Defensive pays off for UK equity income
James Smith looks at the UK equity income market, which remains a safety-first environment delivering sustainable dividends and long-term growth.
The one-year performance figures for UK equity income funds show normal business has resumed, with Invesco Perpetual’s Neil Woodford back on top after a 2009/10 dip.
The change from stock-market growth in the first three months of last year to sharp falls as the economic outlook deteriorated, resulted in Woodford and other defensively minded peers moving back to head the rankings as volatility picked up and investors fled to large-cap safety.
In contrast, several of the portfolios still leading the sector over three years, Unicorn UK income and Chelverton UK equity income, for example, suffered in 2011 as mid-caps struggled and overseas exposure was no longer seen as all positive.
Looking at Woodford, he has spent much of the last couple of years outlining his cautious view and justifying defensive exposure on his funds, which underperformed in the post-credit crunch recovery.
July to September last year saw the worst FTSE All-share index performance since the third quarter of 2002, and this defensive positioning was clearly beneficial as Woodford’s fund only fell by a third as much as the market over a torrid three months.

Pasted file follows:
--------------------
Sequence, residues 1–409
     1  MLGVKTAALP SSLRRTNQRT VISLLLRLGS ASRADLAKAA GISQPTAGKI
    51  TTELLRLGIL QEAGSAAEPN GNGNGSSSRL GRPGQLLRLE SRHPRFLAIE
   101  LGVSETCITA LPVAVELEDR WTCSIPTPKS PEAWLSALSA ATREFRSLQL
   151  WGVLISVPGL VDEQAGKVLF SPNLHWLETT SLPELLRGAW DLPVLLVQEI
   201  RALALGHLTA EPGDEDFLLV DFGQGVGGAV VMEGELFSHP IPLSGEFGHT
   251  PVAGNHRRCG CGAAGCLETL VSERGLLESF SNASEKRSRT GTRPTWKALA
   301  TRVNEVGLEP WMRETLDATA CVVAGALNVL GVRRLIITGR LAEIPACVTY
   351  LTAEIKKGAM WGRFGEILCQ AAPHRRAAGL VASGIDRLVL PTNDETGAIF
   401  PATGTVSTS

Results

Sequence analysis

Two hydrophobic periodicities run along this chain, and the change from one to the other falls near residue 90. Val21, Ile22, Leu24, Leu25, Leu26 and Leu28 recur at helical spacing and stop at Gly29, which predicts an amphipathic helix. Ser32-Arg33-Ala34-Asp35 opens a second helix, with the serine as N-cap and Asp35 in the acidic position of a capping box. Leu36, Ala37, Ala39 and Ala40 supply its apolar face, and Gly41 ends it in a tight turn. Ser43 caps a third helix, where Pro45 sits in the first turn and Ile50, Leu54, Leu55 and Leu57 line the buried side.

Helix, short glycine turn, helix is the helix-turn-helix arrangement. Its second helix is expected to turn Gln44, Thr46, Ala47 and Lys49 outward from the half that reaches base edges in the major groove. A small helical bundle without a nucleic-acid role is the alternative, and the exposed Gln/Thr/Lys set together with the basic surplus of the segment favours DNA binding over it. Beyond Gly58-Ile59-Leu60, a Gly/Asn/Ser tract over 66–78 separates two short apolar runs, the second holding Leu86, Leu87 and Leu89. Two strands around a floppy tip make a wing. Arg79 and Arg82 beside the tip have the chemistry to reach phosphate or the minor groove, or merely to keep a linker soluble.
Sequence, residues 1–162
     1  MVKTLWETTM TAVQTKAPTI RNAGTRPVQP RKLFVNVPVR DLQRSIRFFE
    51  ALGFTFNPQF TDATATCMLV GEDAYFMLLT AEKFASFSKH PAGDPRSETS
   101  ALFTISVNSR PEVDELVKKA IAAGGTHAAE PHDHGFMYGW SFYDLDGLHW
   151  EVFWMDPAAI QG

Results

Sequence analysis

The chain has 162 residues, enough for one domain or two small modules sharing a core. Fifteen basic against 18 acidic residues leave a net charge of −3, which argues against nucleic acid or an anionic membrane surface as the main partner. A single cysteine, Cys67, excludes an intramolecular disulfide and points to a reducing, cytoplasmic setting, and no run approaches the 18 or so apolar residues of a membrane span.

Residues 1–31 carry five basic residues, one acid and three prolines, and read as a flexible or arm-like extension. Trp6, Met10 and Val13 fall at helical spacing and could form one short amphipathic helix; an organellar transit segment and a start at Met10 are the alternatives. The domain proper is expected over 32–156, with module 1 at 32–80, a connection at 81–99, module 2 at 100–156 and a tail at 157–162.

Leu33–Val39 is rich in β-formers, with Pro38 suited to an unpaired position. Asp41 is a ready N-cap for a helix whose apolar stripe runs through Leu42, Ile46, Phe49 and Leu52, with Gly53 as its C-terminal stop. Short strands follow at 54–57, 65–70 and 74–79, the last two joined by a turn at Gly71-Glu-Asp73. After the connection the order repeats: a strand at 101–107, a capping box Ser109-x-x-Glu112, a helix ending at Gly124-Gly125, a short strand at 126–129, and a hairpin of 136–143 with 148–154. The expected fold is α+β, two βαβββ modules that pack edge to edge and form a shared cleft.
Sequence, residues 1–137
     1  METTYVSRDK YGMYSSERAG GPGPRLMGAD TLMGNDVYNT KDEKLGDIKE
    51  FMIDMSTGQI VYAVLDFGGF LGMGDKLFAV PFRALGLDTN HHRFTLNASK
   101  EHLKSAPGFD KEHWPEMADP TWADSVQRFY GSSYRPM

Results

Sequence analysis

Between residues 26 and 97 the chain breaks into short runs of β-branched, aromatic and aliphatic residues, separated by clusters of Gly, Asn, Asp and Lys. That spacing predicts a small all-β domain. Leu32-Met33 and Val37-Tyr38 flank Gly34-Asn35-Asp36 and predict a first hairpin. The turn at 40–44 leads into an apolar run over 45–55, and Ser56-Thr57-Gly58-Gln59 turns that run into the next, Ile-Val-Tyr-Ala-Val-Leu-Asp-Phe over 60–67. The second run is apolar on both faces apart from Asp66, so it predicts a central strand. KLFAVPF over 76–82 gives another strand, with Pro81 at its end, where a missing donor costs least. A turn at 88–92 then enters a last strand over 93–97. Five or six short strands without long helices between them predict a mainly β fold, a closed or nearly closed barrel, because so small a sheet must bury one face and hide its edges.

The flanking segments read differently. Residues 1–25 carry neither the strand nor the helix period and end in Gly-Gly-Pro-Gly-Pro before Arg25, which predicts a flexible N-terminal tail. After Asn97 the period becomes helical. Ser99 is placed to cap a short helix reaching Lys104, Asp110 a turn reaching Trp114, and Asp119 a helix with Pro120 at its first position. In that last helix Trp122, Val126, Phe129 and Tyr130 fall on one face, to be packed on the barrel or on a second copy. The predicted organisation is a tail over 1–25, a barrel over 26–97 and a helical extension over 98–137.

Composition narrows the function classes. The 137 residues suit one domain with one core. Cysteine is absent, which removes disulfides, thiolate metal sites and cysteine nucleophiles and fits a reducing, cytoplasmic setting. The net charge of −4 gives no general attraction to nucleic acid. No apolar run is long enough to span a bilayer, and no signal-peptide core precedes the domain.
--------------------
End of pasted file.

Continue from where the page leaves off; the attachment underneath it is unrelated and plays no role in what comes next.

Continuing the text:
Woodford says his defensive holdings have held up well due to dependable qualities and cash generation, with tobacco and pharmaceutical stocks particularly positive.
A zero weighting to mining stocks also proved beneficial as many fell sharply in response to reduced forecasts for global growth and concerns about a hard landing in China.
Woodford says: “The increasingly tough economic outlook is not a surprise to us. We maintain our view that the developed world faces a prolonged period of low economic growth and the fund is positioned accordingly.
“We believe there are certain types of companies that can thrive in this environment, delivering sustainable dividends and earnings’ growth. The market sell-off left many of these strongly placed companies looking even more attractive and we remain confident about the outlook for long-term returns.”
The Troy Trojan income fund, run by Francis Brooke, is heading the sector over 12 months and has also been buoyed by its quality-driven defensive approach.
Favoured holdings are typically stable or growing companies with differentiated products or services and a strong balance sheet that can support a growing dividend stream throughout the cycle.
Income veteran Psigma’s Bill Mott has also climbed the sector over the past 12 months. Mott is another long-term advocate of defensives and says volatility in recent months has offered up opportunities to enter stocks such as Renishaw, bought at less than half the price of six months earlier.
With much of 2010 characterised by a risk-on, risk-off trade in equity markets, and investors chasing the next earnings upgrade among miners, Mott says this left the ignored defensive part of the market looking outstanding value.
Mott says: “Within our central case of anaemic global growth, we are excited that there are still so many companies across diverse sectors offering well covered dividends, yielding two or three times that of medium-dated gilts.